While the “time to focus” argument is driven by variety, there’s also no shortage of proponents who believe that sparkling wines could be BC’s best bet. BC sparklers are coming to the fore, as numerous wineries jump on the bubble bandwagon. As to why it took so long, I’ll hazard a guess that with ice wine all but dead and buried (with a firm assist from climate change), it’s sparkling wine’s turn to be in the spotlight, particularly as it sheds its purely celebratory mantle for a more flexible, food-friendly robe.
Sumac Ridge founder Harry McWatters first came up with the idea that there was a place for BC bubble. Evidently he was right: Sumac’s new ownership has seen fit to brand Steller’s Jay as a stand-alone product.
At the time, beyond a messianic group of committed believers, there were few admirers of BC wine, period. Moreover, the idea that people would opt for an unproven BC nod to Champagne when they could just as easily buy Sonoma sparkling or even Spanish Cava seemed far fetched.
Noted author John Schreiner credits researcher Gary Strachan for coming up with the idea of putting Okanagan acidity to good use by making sparkling wines. According to Schreiner, Strachan launched National Research Council-funded trials in 1983, making several batches at the Summerland Research Station. McWatters became involved (as did winemaker Eric von Krosigk) and Steller’s Jay eventually became a reality.
McWatters’ commercial winery background underscored the value of a balanced portfolio. More to the point, he was convinced that grapes coming from a triangle within the central Okanagan (between Summerland, Naramata and Okanagan Falls) had the right amount of bright acidity to make good sparkling.
“One thing we’ve never been short of is acid, so rather than fight it, we thought, why not capitalize on it?,” he says.
In hindsight, McWatters adds, “It was a way too ambitious project. We made six bottles each of — I don’t know how many — different cuvées, as well as single varieties, using six different yeasts.”
But all was not in vain.
“What we learned from it, still holds true in my mind, especially if we look at what each variety brought to the blend: Pinot Blanc delivers the fruit; Chardonnay, elegance and finesse; while the backbone and character came from Pinot Noir.”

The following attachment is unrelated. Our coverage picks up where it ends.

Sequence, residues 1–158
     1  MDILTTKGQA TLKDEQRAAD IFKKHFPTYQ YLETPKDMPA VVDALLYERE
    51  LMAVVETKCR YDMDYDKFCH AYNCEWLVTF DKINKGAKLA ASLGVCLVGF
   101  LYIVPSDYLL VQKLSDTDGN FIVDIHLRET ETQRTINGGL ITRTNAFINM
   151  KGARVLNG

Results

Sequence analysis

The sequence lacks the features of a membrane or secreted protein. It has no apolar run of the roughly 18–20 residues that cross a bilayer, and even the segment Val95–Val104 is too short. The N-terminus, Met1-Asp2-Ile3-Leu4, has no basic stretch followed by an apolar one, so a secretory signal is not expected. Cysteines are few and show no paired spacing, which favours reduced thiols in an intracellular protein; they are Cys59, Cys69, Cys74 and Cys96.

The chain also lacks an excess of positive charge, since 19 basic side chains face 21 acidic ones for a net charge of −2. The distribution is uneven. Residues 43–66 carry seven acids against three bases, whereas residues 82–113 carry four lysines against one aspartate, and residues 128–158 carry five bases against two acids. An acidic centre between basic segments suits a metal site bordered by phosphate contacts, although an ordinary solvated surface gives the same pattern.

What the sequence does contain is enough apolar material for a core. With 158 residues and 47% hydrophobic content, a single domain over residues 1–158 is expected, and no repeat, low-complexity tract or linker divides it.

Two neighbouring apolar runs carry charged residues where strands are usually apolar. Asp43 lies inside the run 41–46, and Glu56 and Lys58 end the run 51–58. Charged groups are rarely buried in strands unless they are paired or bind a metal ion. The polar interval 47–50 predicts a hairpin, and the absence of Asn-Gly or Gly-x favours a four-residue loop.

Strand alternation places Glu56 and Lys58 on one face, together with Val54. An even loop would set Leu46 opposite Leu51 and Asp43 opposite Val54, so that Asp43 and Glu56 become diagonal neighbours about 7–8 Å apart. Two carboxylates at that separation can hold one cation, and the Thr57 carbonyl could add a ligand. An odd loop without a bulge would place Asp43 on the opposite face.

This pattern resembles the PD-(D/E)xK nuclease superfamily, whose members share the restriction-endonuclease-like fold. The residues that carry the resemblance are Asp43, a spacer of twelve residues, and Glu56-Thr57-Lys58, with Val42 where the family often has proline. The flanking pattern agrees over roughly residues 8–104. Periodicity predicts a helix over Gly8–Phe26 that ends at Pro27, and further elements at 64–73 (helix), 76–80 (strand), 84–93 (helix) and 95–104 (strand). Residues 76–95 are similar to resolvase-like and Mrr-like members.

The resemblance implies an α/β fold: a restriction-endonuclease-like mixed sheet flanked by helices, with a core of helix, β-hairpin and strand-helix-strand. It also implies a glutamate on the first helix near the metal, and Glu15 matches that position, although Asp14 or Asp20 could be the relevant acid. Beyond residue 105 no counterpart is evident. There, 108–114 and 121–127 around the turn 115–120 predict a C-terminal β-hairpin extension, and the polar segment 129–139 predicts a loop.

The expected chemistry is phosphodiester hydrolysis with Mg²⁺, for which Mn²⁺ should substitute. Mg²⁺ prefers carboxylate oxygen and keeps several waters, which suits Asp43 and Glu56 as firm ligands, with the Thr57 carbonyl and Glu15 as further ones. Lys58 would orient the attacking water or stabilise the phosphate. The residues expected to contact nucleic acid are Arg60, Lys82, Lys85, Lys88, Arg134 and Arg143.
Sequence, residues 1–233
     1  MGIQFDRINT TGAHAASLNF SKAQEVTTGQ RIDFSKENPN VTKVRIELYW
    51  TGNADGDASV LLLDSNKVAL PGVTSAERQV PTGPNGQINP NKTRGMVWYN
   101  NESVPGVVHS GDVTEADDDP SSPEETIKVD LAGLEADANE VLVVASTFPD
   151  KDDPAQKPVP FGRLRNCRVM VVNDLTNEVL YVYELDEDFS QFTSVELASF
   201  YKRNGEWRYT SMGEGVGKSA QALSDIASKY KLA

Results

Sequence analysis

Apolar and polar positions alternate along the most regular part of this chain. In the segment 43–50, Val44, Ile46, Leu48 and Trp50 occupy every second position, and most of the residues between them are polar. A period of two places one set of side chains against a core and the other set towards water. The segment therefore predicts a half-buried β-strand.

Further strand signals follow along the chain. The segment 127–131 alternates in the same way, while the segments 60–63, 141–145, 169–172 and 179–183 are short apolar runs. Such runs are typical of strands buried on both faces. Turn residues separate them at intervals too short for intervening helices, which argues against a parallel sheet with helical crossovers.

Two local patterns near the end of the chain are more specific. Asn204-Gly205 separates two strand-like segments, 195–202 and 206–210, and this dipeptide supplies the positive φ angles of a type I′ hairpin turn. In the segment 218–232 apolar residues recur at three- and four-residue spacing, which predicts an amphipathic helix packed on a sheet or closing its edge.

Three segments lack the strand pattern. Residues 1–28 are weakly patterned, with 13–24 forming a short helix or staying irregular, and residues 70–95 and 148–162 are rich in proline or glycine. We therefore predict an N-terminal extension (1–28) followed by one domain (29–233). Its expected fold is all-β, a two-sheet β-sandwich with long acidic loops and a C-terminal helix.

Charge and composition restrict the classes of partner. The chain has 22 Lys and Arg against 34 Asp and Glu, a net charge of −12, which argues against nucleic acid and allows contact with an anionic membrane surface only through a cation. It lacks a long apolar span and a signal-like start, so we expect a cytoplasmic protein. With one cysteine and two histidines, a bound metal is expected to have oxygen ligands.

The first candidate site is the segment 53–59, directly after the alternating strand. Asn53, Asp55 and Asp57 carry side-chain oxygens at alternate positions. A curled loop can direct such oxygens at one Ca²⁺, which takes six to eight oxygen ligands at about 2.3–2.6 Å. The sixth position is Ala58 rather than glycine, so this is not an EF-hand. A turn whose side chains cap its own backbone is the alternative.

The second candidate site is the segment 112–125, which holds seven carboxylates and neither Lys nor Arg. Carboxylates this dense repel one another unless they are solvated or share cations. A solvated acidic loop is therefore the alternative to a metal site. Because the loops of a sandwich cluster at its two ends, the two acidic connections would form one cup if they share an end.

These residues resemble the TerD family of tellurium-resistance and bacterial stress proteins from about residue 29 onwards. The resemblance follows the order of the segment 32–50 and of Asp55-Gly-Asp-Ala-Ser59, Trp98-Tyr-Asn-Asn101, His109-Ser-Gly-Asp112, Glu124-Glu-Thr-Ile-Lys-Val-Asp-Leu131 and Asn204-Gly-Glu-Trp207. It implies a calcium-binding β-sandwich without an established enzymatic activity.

At the end of the day, the point was proven. In fact, McWatters suggests it’s too bad those trials didn’t happen years earlier since they would have been equally as successful using hybrids. “Just look at what Bruce Ewart has achieved [at L’Acadie], in Nova Scotia,” he says.
McWatters went on to develop a legendary love for his bubble. He probably hosted more winemaker’s dinners than anyone else in the BC industry. And each one started with a glass of Steller’s Jay.
His latest venture, Time Estate Winery (housed in a repurposed cinema complex in downtown Penticton) will release its first sparkler in a couple of years, a predominantly Chardonnay–Pinot Blanc blend. “We don’t have access to the Pinot that we’d like right now,” he says.
At the time, it’s fair to say, there wasn’t much love lost between McWatters and Blue Mountain founder Ian Mavety, who were firmly on opposite sides of the VQA fence. McWatters was a founding father of VQA, while Mavety chose not to embrace the program in any way. His prime objection arose from the fact that VQA allows wineries to use the term “estate” on their labels for wines that don’t contain estate-grown fruit. To this day, Blue Mountain uses only estate-grown grapes.
With Pinot Noir and Chardonnay being the priority, it was only natural that Blue Mountain would add traditional method sparkling wines to its collection. However the success of Blue Mountain Brut (in addition to its other styles) has served only to build on the winery’s legendary cult status.
Now in the hands of the brother and sister team of Matt and Christie Mavety, the winery has increased the emphasis on the sparkling wines their father introduced.
Just as for the still wines, “We’ve always tried to let the terroir speak,” says winemaker Matt Mavety.
“Our original approach was very much Champagne style. Plus, the fact that we have always grown our own fruit has been hugely beneficial in terms of experience to draw on.”
Blue Mountain’s Gold Label Brut has become the BC “gold standard” for bubble, although it no longer goes unchallenged as the quality and scope of BC sparkling wines continues to increase and expand. In addition, rosé, Blancs de Blancs and RD Vintage wines continue to assist in maintaining Blue Mountain’s pre-eminence as a sparkling wine producer.